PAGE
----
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Water SA

On-line version ISSN 1816-7950
Print version ISSN 0378-4738

Water SA vol.42 n.1 Pretoria Jan. 2016 

Breakthrough of Oscillatoria limnetica and microcystin toxins into drinking water treatment plants - examples from the Nile River, Egypt



Zakaria A Mohamed*

Department of Botany and Microbiology, Faculty of Science, Sohag University, Sohag 82524, Egypt




The presence of cyanobacteria and their toxins (cyanotoxins) in processed drinking water may pose a health risk to humans and animals. The efficiency of conventional drinking water treatment processes (coagulation, flocculation, rapid sand filtration and disinfection) in removing cyanobacteria and cyanotoxins varies across different countries and depends on the composition of cyanobacteria and cyanotoxins prevailing in the water source. Most treatment studies have primarily been on the removal efficiency for unicellular Microcystis spp., with little information about the removal efficiency for filamentous cyanobacteria. This study investigates the efficiency of conventional drinking water treatment processes for the removal of the filamentous cyanobacterium, Oscillatoria limnetica, dominating the source water (Nile River) phytoplankton in seven Egyptian drinking water treatment plants (DWTPs). The study was conducted in May 2013. The filamentous O. limnetica was present at high cell densities (660-1 877 cells/mL) and produced microcystin (MC) cyanotoxin concentrations of up to 877 μg·g-1, as determined by enzyme-linked immunosorbent assay (ELISA). Results also showed that conventional treatment methods removed most phytoplankton cells, but were ineffective for complete removal of O. limnetica. Furthermore, coagulation led to cell lysis and subsequent microcystin release. Microcystins were not effectively removed and remained at high concentrations (0.37-3.8 μg·L -1) in final treated water, exceeding the WHO limit of 1 μg·L-1. This study recommends regular monitoring and proper treatment optimization for removing cyanobacteria and their cyanotoxins in DWTPs using conventional methods.

Keywords: cyanobacteria, removal, conventional drinking water treatment




Frequent occurrence of extensive overgrowth of cyanobacteria in water bodies worldwide has been attributed to human activities (Huber et al., 2012; Mohamed and Al-Shehri 2015). The increasing incidence of harmful blooms of cyanobacteria in drinking water sources is a major environmental and public health concern as many of these cyanobacteria can produce potent toxins called cyanotoxins (Merel et al., 2011). Cyanotoxins have been shown to cause adverse human health effects such as gastroenteritis, skin rashes, liver damage and neurotoxic effects (Chorus and Bartram, 1999).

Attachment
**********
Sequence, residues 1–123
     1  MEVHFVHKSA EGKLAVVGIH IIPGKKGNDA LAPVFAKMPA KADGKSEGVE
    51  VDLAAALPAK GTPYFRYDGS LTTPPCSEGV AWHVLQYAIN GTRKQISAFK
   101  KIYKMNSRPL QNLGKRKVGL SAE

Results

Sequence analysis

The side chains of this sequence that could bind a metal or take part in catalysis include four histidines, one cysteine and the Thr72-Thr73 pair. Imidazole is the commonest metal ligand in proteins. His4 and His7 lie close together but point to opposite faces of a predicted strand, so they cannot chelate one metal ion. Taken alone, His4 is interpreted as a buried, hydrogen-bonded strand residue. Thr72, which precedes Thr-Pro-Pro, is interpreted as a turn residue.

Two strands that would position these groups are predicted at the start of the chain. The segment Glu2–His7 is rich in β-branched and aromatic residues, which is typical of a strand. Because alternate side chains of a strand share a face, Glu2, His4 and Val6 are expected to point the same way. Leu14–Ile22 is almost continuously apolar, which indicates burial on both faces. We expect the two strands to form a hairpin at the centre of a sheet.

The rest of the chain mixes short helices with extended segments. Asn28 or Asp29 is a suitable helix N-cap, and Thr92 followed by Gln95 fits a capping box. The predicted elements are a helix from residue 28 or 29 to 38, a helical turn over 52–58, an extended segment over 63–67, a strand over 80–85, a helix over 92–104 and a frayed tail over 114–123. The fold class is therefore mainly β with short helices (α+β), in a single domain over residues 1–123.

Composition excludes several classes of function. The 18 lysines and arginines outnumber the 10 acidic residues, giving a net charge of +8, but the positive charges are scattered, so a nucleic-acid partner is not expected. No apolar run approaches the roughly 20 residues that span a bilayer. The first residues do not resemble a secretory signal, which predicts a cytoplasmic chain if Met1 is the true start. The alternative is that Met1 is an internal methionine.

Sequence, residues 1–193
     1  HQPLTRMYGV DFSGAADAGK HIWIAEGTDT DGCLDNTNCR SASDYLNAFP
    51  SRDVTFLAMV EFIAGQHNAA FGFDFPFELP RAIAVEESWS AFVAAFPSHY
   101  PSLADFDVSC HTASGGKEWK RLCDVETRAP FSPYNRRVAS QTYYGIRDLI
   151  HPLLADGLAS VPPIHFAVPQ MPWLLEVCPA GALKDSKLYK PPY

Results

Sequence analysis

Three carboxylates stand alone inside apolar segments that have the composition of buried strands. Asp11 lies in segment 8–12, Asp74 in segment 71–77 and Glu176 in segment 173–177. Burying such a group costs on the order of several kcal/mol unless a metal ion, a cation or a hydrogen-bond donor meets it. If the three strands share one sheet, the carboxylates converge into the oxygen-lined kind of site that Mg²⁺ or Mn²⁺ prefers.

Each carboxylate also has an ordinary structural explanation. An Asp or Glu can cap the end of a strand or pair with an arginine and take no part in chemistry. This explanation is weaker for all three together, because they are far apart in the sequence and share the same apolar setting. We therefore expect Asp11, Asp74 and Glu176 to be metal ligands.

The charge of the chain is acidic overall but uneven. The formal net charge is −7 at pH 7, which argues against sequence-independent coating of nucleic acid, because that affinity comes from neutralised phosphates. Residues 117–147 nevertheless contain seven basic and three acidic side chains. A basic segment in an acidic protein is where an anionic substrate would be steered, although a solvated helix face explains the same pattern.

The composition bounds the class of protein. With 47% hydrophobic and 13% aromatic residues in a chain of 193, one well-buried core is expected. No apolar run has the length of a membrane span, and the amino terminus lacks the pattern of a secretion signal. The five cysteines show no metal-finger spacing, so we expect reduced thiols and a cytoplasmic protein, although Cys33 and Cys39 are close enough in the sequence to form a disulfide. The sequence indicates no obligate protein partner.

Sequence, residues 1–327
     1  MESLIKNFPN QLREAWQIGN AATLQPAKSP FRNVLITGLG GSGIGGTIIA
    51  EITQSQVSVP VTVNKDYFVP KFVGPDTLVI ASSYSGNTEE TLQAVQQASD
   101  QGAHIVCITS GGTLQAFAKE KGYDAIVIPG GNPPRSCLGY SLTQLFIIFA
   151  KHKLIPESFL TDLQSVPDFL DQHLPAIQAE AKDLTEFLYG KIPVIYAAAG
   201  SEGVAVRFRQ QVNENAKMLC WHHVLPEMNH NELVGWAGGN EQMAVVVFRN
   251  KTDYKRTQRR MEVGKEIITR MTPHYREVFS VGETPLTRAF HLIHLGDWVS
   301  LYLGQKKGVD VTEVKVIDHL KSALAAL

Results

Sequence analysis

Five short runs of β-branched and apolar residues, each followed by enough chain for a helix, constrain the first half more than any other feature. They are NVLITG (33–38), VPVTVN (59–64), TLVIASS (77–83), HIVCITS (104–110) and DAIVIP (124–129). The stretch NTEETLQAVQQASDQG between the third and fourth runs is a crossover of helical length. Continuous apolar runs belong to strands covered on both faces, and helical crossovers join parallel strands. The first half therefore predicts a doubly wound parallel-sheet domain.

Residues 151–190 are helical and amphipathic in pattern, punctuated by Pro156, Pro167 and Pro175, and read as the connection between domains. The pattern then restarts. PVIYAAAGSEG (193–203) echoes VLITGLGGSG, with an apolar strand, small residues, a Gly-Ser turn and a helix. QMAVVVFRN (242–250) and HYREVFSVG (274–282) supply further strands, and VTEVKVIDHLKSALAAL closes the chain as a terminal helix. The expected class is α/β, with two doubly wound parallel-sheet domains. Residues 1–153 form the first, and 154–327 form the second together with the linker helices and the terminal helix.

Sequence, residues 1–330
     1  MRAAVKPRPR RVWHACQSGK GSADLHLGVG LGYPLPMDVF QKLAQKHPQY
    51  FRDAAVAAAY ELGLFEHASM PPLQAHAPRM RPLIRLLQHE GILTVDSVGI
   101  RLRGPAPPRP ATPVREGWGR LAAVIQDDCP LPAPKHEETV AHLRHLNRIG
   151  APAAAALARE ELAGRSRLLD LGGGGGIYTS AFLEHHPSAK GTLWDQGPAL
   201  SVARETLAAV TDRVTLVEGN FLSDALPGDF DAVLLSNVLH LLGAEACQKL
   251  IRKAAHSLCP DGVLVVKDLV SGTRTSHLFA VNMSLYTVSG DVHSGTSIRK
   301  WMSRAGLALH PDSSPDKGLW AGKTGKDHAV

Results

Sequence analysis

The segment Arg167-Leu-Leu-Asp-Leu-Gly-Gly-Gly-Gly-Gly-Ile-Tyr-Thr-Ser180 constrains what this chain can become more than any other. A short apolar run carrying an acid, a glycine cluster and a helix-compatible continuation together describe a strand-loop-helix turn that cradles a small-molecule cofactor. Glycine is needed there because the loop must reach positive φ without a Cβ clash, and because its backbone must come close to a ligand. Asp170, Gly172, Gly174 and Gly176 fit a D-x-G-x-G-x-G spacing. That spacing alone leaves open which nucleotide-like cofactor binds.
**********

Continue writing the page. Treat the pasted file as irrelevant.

Microcystins (MCs) are the most common cyanotoxins in freshwater sources worldwide, with more than 100 variants identified thus far (Pantelic et al., 2013). They are produced by some cyanobacteria, such as Microcystis, Planktothrix, Oscillatoria, Nostoc, Anabaena and Gloeotrichia (Hisbergues et al., 2003). MCs are extremely stable and resistant to heat, hydrolysis and oxidation (de la Cruz et al., 2011). Human poisoning episodes have been reported upon consumption of drinking water contaminated with MCs. For instance, the death of 60 patients in a hemodialysis clinic in Brazil (Pouria et al., 1998), and the high incidences of primary liver cancer in China (Ueno et al., 1996) and Serbia (Svircev et al., 2009) have been linked to drinking water containing MCs. Moreover, Lévesque et al. (2014) documented a relationship between gastrointestinal symptoms and consumption of drinking water from a plant in Canada equipped with a full treatment system but whose source water is highly contaminated with cyano-bacteria and MCs. These events highlight the importance of adequate water treatment methods to remove cyanobacteria and their toxins to provide safe drinking water.